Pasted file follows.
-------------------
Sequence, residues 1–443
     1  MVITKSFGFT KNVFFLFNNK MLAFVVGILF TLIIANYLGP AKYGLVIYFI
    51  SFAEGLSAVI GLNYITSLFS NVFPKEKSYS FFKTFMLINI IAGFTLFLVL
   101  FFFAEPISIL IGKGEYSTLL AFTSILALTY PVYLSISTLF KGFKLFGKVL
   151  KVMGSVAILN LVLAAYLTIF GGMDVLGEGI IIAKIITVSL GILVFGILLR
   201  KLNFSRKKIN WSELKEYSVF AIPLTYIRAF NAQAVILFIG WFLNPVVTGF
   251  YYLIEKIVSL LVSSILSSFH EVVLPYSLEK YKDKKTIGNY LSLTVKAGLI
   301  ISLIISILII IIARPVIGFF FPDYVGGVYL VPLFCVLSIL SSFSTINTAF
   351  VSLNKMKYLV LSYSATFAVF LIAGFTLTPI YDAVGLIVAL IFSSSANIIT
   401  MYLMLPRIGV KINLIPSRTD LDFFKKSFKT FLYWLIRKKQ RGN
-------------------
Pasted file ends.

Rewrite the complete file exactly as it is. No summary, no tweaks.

Sequence, residues 1–443
     1  MVITKSFGFT KNVFFLFNNK MLAFVVGILF TLIIANYLGP AKYGLVIYFI
    51  SFAEGLSAVI GLNYITSLFS NVFPKEKSYS FFKTFMLINI IAGFTLFLVL
   101  FFFAEPISIL IGKGEYSTLL AFTSILALTY PVYLSISTLF KGFKLFGKVL
   151  KVMGSVAILN LVLAAYLTIF GGMDVLGEGI IIAKIITVSL GILVFGILLR
   201  KLNFSRKKIN WSELKEYSVF AIPLTYIRAF NAQAVILFIG WFLNPVVTGF
   251  YYLIEKIVSL LVSSILSSFH EVVLPYSLEK YKDKKTIGNY LSLTVKAGLI
   301  ISLIISILII IIARPVIGFF FPDYVGGVYL VPLFCVLSIL SSFSTINTAF
   351  VSLNKMKYLV LSYSATFAVF LIAGFTLTPI YDAVGLIVAL IFSSSANIIT
   401  MYLMLPRIGV KINLIPSRTD LDFFKKSFKT FLYWLIRKKQ RGN